An overview on elasmobranch release as a bycatch mitigation strategy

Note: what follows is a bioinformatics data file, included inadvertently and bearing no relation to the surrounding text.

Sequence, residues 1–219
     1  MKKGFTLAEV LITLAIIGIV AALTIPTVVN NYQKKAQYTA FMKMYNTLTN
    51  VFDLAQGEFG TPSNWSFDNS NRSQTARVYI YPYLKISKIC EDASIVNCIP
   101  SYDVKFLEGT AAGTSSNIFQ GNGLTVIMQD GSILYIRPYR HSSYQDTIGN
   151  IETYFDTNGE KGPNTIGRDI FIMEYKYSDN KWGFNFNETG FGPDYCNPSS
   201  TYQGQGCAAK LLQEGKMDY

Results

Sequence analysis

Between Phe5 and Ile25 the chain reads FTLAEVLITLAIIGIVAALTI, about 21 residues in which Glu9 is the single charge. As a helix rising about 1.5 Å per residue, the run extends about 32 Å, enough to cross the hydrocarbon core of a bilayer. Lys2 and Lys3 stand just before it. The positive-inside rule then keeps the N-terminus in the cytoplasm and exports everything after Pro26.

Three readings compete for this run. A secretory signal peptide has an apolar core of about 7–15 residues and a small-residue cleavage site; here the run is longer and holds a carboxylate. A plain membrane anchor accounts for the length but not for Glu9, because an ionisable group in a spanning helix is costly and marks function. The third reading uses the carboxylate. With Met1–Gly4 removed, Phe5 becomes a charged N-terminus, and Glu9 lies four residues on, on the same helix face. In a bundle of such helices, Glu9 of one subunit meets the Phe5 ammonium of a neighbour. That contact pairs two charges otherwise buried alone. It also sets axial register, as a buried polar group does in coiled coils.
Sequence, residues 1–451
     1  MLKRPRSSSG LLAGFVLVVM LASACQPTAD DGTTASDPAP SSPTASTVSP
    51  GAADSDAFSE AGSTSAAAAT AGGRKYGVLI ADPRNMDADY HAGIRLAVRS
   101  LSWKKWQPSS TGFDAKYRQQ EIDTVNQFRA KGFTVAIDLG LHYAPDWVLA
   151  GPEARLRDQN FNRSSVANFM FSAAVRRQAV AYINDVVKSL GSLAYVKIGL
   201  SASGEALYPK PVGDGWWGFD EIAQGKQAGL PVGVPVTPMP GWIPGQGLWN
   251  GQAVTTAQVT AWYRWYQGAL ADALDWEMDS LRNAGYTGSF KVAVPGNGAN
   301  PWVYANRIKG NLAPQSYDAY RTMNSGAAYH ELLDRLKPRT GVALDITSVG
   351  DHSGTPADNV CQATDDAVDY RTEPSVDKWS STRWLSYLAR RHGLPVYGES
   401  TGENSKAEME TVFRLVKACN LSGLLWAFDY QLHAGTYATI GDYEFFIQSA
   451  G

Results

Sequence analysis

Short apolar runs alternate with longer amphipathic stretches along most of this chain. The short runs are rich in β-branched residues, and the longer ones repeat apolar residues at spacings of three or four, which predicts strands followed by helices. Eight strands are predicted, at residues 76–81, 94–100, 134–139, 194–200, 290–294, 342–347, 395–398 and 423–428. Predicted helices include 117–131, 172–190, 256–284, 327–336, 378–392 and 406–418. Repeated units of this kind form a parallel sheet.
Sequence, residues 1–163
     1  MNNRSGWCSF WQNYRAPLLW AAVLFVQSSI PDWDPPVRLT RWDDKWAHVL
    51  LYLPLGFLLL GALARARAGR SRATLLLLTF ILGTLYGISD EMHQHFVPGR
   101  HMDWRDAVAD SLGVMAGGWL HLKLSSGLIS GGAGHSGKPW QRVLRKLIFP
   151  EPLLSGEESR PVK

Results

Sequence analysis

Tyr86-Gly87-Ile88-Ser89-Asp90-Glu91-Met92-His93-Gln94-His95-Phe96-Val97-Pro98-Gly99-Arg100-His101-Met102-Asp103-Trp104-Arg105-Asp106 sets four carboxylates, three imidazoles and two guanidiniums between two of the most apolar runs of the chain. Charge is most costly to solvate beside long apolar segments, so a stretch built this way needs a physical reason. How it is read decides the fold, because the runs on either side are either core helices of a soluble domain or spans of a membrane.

Sharks and rays are among the most threatened vertebrates, mostly due to commercial fisheries. Data on incidental capture is sparse, but it is estimated that about 50% of reported global catches of elasmobranchs are from bycatch. Elasmobranchs are captured in a variety of fishing gear throughout the world. One promising strategy to minimize incidental catches is the release of live sharks and rays. However, so far, no critical analysis had been carried out to assess the importance of release as a measure to mitigate the impacts of bycatch. Results indicated that despite onboard releases being cited in Plans of Action (along ZEEs) and recommendations/regulations of Regional Fisheries Management Commissions (in international waters), this measure is treated as secondary and has voluntary adherence, which can significantly reduce its efficiency. Moreover, among the Best Fishing Practice Manuals currently available, although release is cited as a priority, most of them do not consider the dynamics of the location/fishing modality for which it was developed. A change on how release is perceived is needed to prioritize this conservation strategy, as well as its potential as a social tool to reduce the impacts of bycatch on sharks and rays.